California’s Corporate Securities Law of 1968 makes offers it unlawful for any person to offer or sell a security in any nonissuer transaction unless it is qualified or exempt (or not subject to) qualification. Cal. Corp. Code § 25130. Transaction exempt from this requirement can be found in Section 25104 and securities not subject to this requirement can be found in Section 25100.1. The Commissioner has also exempted by rule any offer or sale of a security issued by any corporation organized under the laws of a foreign country or a certificate of deposit, receipt or other evidence relating to such security provided that one of several conditions is met. Because omnes causas paginae exiguitas non caperet, this post is limited to just one of these conditions – the security appears on the most recent Federal Reserve Board List of Foreign Margin Stocks. 10 CCR § 260.105.11.
The problem with this condition is that the Federal Reserve Board ceased publishing the List of Foreign Margin Stocks almost two decades ago – in 2003. The beginning of the end of the List of Foreign Margin Stocks came in 1996 when the Federal Reserve Board included all foreign equity securities on the Financial Times/Standard & Poor’s World Actuaries Indices on the list in reliance upon a “no-action” letter issued by the SEC. Two years later, the Federal Reserve Board amended Section 220.2 of Regulation T (12 C.F.R. 220.2) to include (in addition to foreign equity securities appearing on the List), foreign equity securities deemed have a “ready market” under SEC Rule 15c3-1 or a “no-action” letter issued by the SEC regarding its “ready market” criteria. 63 FR 2821 (Jan. 16, 1998). This caused a decline in the number of stock included on the List of Foreign Margin Stock as creditors preferred to rely on the “ready market” alternative. In 2003, the Federal Reserve Board discontinued publication of the List of Foreign Margin Stocks because it was no longer receiving the necessary information from the New York Stock Exchange.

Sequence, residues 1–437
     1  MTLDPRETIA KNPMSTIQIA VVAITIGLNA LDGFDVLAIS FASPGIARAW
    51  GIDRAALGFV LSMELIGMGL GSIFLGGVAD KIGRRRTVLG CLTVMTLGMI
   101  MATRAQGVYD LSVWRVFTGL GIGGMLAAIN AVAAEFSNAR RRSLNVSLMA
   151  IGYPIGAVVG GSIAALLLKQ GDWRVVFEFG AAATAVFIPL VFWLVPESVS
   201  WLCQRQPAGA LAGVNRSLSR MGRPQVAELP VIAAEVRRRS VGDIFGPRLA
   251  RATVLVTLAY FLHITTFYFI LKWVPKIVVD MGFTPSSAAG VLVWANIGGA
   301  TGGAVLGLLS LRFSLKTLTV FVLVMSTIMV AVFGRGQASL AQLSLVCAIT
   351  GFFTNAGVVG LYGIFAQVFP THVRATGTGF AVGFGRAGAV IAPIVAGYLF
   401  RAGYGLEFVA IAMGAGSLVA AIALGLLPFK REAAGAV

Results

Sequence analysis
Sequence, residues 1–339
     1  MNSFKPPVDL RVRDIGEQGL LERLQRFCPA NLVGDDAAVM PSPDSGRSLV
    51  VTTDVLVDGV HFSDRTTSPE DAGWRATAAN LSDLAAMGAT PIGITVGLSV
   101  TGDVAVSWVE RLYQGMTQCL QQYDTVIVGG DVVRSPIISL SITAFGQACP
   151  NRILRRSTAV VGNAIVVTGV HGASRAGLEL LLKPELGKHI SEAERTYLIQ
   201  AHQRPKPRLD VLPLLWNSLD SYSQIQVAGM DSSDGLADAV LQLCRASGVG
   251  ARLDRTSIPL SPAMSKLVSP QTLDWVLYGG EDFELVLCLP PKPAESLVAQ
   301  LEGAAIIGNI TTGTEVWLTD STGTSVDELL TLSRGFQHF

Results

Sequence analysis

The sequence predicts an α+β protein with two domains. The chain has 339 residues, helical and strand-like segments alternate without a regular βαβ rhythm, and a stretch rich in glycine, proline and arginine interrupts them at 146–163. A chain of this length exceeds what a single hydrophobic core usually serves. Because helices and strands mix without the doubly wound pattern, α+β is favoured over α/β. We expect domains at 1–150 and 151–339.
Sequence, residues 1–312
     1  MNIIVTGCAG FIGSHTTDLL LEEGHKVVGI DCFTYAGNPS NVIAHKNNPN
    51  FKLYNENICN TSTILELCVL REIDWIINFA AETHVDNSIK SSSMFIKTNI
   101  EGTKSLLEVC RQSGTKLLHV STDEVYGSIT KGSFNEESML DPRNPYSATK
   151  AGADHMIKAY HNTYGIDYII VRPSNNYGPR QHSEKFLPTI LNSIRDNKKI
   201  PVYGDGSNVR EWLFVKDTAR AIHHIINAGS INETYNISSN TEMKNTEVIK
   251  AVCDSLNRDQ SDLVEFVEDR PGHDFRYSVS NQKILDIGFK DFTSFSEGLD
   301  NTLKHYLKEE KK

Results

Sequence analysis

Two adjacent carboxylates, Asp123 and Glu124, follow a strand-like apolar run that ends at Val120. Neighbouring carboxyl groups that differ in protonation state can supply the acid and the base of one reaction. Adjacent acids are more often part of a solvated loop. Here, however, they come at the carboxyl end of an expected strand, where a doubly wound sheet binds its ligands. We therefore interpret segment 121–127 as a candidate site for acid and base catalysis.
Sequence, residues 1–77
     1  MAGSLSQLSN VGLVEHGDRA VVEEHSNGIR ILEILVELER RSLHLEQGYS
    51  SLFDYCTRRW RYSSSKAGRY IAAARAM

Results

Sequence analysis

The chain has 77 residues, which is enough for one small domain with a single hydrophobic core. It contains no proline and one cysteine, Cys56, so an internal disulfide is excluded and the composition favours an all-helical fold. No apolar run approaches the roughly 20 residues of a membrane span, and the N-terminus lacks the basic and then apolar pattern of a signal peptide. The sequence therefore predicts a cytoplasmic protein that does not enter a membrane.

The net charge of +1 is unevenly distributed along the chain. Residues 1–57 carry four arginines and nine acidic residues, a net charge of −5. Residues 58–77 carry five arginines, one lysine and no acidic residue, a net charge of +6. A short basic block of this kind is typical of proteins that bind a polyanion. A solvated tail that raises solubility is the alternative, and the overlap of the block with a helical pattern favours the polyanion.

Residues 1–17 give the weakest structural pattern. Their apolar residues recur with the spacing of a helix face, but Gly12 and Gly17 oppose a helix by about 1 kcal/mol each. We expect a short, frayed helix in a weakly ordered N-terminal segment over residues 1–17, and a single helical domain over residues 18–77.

The Department of Financial Protection & Innovation (then known as the Department of Corporations) amended Rule 260.105.11 in 2000 to conform to the Federal Reserve Board’s amendment to Section 220.2. However, the Department has not since amended the rule to reflect the demise of the List of Foreign Margin Stocks.